What are You Doing for Lent?

“So what are you doing for Lent this year, Bill?”

This was my annual question to my spiritual director, Fr. Bill Shannon, for the twenty-five years that I went to him for monthly counsel. (I wrote about our relationship in a previous post.)

When I posed the question in 1995, about ten years into our relationship, Bill’s eyes twinkled in a smile as he answered. “Each day I’m going to write a letter to someone, and then keep that person in my prayers during that day. It’s a way of participating in the Communion of Saints.”

That impish eye-twinkling came from Bill’s knowing that his answer would take me by surprise. A fairly new Catholic, I’d expected that he would be “giving up” something for Lent.

He explained. “You shouldn’t be focusing on the negative for Lent. It’s a positive opportunity—to attend in a special way to one’s relation to God.”

The following year, at our meeting just before Ash Wednesday, I posed the annual question. Bill’s answer was the same as the previous year’s, but with an addition: “And I’m going to clean up this office!” Yes indeed, his office was always a mess of papers, mail, piles of magazines and books. I affirmed teasingly that cleaning it would be a good Lenten discipline for him.

Then I told him my own little plans. “I’m hoping this Lent to be more consciously grateful: to thank people, to cultivate affirmative responses to people—especially to my husband! And at dinner each night, George and I are going to start off talking about where in particular—in one certain place or moment or experience of the day—each of us did see God and give thanks.”

Bill nodded his sweet smiling assent—his blessing (as I always saw it).

But then he added, “Where’s the traditional trilogy in your Lent? Prayer, fasting, and almsgiving.”

So I said: “For prayer, I’m going to read a bit each day of Joan Chittester’s Rule of Benedict and then use it for a half hour of meditation. For fasting: Hmm, you know I can’t do food-fasting. But I hope to fast from what keeps me from God—for instance, moping.” (My natural disposition is akin to Eeyore’s.)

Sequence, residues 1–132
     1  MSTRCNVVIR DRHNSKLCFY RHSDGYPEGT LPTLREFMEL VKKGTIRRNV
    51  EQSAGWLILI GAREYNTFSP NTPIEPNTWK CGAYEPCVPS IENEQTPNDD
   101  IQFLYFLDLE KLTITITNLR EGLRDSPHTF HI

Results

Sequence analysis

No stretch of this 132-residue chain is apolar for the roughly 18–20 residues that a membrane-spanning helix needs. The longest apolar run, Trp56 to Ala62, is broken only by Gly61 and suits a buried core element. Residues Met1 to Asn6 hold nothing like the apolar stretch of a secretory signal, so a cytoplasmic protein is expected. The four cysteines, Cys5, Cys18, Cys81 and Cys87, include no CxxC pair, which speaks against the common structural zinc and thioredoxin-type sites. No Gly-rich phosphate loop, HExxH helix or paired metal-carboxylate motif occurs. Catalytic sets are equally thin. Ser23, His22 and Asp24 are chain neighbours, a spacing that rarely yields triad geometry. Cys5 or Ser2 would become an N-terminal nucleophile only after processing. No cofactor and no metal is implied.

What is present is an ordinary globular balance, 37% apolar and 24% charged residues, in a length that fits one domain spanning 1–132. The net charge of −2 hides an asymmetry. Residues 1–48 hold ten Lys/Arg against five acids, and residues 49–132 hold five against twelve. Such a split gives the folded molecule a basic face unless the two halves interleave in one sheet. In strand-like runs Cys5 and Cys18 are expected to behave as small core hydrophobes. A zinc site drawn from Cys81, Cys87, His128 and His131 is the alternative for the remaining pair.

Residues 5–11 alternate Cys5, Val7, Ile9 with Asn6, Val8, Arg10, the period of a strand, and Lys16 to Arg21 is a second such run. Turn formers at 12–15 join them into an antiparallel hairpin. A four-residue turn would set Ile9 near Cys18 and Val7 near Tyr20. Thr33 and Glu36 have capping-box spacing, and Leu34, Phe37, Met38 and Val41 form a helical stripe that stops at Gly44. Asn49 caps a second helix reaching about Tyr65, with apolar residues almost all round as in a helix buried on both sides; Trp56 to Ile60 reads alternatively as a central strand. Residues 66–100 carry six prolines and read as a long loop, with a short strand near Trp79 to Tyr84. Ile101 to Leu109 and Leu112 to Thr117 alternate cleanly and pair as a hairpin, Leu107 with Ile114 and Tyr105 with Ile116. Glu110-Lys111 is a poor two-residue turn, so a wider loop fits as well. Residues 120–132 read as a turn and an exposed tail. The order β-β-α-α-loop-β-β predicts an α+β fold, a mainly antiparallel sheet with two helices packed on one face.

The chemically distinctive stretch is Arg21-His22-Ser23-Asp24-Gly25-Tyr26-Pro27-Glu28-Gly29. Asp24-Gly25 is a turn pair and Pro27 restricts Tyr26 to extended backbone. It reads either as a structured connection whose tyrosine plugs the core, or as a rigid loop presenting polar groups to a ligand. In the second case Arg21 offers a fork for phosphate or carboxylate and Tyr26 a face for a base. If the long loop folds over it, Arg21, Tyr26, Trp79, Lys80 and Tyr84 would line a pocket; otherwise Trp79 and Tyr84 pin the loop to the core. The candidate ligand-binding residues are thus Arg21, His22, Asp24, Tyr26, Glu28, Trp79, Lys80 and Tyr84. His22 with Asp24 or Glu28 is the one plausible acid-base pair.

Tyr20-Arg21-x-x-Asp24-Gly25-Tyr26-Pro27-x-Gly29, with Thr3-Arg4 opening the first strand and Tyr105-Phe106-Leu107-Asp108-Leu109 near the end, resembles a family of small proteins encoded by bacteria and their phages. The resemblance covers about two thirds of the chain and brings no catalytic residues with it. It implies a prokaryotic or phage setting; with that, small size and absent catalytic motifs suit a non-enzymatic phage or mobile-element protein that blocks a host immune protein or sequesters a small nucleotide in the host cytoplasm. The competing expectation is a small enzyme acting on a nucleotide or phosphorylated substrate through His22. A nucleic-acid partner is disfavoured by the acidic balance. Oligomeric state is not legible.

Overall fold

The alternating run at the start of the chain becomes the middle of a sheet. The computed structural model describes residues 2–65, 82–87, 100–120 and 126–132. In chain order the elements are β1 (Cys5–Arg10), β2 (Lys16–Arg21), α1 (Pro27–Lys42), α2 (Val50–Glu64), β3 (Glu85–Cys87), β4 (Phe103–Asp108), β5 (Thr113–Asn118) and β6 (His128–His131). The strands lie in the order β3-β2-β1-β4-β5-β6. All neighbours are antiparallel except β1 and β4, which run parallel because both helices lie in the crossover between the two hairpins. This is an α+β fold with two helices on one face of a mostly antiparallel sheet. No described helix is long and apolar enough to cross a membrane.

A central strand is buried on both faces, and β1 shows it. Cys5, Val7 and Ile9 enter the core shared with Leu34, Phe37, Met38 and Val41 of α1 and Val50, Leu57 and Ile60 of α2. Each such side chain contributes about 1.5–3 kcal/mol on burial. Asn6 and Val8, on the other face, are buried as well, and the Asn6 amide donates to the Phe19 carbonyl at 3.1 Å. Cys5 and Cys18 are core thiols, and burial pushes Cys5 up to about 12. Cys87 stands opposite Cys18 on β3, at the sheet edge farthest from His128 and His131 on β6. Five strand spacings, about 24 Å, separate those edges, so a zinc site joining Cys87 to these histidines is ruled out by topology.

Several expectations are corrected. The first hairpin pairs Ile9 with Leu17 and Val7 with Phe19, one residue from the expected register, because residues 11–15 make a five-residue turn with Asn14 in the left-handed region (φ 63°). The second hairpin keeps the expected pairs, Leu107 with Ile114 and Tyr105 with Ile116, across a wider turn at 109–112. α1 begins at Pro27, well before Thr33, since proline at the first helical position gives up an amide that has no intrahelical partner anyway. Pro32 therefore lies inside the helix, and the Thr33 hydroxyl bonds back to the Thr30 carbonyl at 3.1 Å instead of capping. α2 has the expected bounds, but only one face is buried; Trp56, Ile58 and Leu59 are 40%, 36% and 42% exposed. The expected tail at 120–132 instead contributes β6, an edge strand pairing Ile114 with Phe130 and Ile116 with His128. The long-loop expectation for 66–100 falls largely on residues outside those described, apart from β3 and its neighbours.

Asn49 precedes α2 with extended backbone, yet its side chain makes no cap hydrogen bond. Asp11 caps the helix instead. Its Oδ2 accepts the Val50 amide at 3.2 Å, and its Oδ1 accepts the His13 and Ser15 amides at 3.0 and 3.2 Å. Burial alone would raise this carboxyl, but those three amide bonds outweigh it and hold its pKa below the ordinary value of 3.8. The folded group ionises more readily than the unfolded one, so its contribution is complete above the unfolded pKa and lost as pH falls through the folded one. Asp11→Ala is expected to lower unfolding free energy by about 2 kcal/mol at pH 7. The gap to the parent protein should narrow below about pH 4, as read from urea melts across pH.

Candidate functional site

Again, Bill nodded his assent. Then we talked a long time about the challenge of almsgiving. He habitually contributed lots of money to worthy organizations like Catholic Relief Services. But he confided feeling bad that he hadn’t in his life done direct hands-on serving of the poor. And at that point of his life, with the physical limitations of arthritis and other ailments of aging, he couldn’t.

I protested: “Bill, you give so much of your special gifts to others—you’re just so humble that you don’t realize how much you give.” But he persisted: “That’s not the same.”

As for my own version of almsgiving: I said, “I don’t have much money, but I have time, and I try to give that to others directly. Like phoning a chronically ill neighbor a couple times a week to ask what she needs.” Bill nodded sweetly again.

A few years later, my monthly meeting with Bill happened to be around the middle of Lent. I asked him: “Do you feel you’ve gotten anywhere by this point in Lent?” I knew it was a silly question, but needed to hear his response.

“I’m not sure that’s the question to ask,” he smiled gently. “I don’t think any more of ‘getting somewhere’ or even of taking a path; I don’t care if I’m on the right path or not. I just try to be attentive to God in the moment.”

Another year, just ten years ago, our meeting fell on the day after Ash Wednesday. I was still struggling with my natural Eeyore-like disposition. “I’m doing ‘joy’ this year for Lent, Bill. What do you think?”

He nodded his approval. Then he added: “Remember how we all sin, yet we all are graced.” And he quoted Romans 5:20: But where sin was multiplied, grace immediately exceeded it.

When I got home that day, I wrote out this passage and put it on our kitchen table. It would be our reading before dinner each evening during Lent.

This year, Lent finds George and me focusing on his recovery from open-heart surgery.

Bill died last spring, but if he were here for me to ask his counsel about what to do for Lent, I’m pretty sure he’d say firmly: “Don’t add anything. George’s recovery-process is your Lent.”

  • Lindsey Crittenden

    I find Bill’s wisdom about not needing to “get anywhere” particularly helpful. Blessings to you & George on George’s recovery, and this Lent, Peggy –

  • http://writingwithoutpaper.blogspot.com Maureen

    Wonderful post, Peggy, especially its conclusion. I continue to hold you and George in my prayers. Blessings during this Lenten season.

  • http://www.poetryretreats.com Peggy Rosenthal

    Lindsey and Maureen, thanks for your blessings and prayers. Wishing you both all blessings of this holy season.

  • http://chadthomasjohnston.com Chad Thomas Johnston

    I enjoyed this, Peggy. Lent tends to be looked upon as a solemn season, but I like this idea of it being a way of working on your relationship with God—even more that Lent could be a time to practice joy! I need to practice prayer this year, but maybe I’ll do so with a spirit of thanks more than a spirit of somberness. I think that’s just what the Doc, er, Great Physician ordered … ;)

    • http://www.poetryretreats.com Peggy Rosenthal

      Thanks for your reflections here, Chad. Yup, practicing joy is a discipline! Go for it: prayers of gratitude. (As Paul says, “Dedicate yourselves to thankfulness:”


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